LA Education Chief Seeks $44M Increase In School Funding

BATON ROUGE (AP) — Louisiana's education department announced Wednesday that it will seek a $44 million increase in the public school funding formula next year above Gov. Bobby Jindal's request, pushing for new dollars despite a state cash crunch.

         Jindal proposed a $3.6 billion school formula for the 2015-16 budget year that would keep spending flat, only adding the $34 million required to account for expected growth in the number of students attending public schools.

         Louisiana Education Superintendent John White's larger proposal would add $8 million to increase spending for students with disabilities and for students taking "dual enrollment" college courses and career education classes. It also would provide another $36 million to give a nearly 1.4 percent inflationary increase for all 70 public school districts.

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         "In challenging fiscal times, we have to make hard choices," White said in a statement. "This proposal protects high-need students and classroom educators."

         Jindal didn't push back against the suggestion of spending more money on the formula, though he offered no recommendations for where those dollars could be found.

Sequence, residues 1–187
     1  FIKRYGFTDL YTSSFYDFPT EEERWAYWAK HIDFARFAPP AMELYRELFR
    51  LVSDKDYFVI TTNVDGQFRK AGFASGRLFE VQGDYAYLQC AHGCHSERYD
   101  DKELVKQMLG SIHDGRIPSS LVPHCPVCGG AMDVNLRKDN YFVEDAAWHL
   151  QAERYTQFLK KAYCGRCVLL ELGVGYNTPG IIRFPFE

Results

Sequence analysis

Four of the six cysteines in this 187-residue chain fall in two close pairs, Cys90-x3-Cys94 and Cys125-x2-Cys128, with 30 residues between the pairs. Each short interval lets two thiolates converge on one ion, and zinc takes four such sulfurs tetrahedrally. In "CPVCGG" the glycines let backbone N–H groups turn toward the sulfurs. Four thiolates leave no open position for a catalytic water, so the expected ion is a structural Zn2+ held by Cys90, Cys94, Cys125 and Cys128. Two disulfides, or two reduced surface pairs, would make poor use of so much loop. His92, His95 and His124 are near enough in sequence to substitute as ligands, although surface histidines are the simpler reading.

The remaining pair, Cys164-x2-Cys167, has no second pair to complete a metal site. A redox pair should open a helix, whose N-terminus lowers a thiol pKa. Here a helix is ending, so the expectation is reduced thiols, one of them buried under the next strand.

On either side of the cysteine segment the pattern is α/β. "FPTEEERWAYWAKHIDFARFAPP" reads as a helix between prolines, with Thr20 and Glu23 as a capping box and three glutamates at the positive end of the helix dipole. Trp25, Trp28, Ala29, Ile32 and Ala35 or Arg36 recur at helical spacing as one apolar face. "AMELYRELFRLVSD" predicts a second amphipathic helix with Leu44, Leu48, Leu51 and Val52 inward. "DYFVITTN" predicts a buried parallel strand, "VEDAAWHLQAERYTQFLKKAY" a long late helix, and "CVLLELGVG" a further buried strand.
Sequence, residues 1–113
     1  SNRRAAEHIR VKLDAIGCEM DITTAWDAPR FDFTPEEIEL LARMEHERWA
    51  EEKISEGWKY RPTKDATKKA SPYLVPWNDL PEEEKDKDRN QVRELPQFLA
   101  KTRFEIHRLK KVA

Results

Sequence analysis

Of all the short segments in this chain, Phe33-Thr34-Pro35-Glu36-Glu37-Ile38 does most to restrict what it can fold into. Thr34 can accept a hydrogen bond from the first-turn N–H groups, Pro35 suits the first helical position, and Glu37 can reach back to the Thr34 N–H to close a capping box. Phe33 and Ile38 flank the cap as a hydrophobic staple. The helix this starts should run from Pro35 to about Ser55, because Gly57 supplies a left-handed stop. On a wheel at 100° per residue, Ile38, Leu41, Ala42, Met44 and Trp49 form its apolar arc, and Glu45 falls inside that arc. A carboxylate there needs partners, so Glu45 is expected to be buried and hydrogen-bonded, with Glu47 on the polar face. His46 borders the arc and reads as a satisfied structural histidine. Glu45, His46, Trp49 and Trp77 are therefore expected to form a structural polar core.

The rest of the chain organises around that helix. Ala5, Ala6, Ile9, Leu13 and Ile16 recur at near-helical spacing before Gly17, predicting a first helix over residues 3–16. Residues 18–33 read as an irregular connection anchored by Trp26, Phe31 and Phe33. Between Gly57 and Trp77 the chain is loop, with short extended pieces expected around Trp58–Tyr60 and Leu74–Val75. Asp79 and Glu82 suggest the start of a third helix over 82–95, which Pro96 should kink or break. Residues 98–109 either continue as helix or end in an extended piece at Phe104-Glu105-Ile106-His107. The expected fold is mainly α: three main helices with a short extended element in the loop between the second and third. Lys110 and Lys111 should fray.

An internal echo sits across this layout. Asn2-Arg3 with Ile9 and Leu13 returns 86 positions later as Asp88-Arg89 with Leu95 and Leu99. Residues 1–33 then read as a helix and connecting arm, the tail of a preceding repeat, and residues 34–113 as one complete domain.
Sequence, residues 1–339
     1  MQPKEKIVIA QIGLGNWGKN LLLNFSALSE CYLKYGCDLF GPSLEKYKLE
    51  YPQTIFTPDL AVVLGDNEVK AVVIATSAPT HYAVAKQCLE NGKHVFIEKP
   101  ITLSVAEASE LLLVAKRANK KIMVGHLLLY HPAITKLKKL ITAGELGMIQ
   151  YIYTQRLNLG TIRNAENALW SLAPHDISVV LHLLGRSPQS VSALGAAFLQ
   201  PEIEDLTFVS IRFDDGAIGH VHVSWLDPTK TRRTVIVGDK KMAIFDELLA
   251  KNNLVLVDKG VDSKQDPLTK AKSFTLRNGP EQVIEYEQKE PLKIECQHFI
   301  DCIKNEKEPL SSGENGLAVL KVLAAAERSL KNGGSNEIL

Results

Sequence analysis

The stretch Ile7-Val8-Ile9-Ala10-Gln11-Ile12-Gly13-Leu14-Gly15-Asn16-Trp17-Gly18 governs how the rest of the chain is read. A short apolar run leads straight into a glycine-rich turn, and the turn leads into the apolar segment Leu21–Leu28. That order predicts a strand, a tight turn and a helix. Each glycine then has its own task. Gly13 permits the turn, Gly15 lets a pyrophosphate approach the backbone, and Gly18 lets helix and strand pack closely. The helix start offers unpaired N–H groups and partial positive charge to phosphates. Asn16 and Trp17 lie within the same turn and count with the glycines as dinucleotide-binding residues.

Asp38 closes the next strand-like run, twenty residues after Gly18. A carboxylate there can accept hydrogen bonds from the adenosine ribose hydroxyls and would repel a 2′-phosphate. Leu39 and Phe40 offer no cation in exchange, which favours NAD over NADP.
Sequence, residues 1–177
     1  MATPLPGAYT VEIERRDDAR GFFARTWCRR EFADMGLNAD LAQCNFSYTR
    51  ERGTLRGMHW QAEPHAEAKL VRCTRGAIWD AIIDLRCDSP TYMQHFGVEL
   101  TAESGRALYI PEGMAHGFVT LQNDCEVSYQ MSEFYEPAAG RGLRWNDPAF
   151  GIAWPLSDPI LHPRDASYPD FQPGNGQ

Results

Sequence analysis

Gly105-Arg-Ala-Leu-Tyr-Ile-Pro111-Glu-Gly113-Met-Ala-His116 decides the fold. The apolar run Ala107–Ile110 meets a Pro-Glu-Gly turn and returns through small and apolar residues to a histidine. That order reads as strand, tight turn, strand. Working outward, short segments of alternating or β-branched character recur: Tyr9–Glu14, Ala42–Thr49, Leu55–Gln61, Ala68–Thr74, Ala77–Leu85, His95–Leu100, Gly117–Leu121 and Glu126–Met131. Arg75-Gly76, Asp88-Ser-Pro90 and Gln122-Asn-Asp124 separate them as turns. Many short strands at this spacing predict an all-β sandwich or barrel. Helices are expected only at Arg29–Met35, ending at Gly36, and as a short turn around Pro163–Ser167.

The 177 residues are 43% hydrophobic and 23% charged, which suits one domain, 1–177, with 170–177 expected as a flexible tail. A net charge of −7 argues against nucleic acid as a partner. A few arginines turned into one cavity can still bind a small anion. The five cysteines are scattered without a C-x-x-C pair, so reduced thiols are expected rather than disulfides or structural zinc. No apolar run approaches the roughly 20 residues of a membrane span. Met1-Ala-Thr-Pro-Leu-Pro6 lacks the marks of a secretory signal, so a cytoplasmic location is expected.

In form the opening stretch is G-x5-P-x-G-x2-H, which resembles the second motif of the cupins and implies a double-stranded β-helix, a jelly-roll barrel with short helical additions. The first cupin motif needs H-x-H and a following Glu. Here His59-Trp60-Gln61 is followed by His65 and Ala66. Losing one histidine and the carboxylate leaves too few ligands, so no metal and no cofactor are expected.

"If additional funding is available in the budget, we absolutely support further increases," the governor said in a statement.

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         The Board of Elementary and Secondary Education will decide which formula recommendation is forwarded to state lawmakers. It will consider White's proposal Thursday and is expected to vote on a final version a day later.

         White's proposal is less than the 2.75 percent inflationary increase school boards and teacher unions sought, but any increase is expected to face resistance from some lawmakers with the state facing a hefty budget gap next year.

         Louisiana is grappling with a $1.6 billion shortfall. Jindal's budget proposes widespread cuts across departments. The school funding formula is one of the only areas not slated for reduction in the governor's spending plan.

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         "We are pleased that, despite making reductions to other areas of government, we have fully funded the (school formula) every single year of our administration," Jindal said.

         The formula is known as the Minimum Foundation Program. It allocates a base per-student funding level for about 700,000 students across Louisiana's public schools and then provides additional money depending on student type, local district wealth and the kinds of educational programs offered.

         Lawmakers can only approve or reject the formula sent to them by the state education board. They cannot change it. If lawmakers reject the formula proposal, the education board can send modifications or schools would continue to follow the current year financing structure to pay for public schools next year.

         The Legislature will consider the school financing formula submitted by the education board in the legislative session that begins April 13.

         – by AP Reporter Melinda Deslatte



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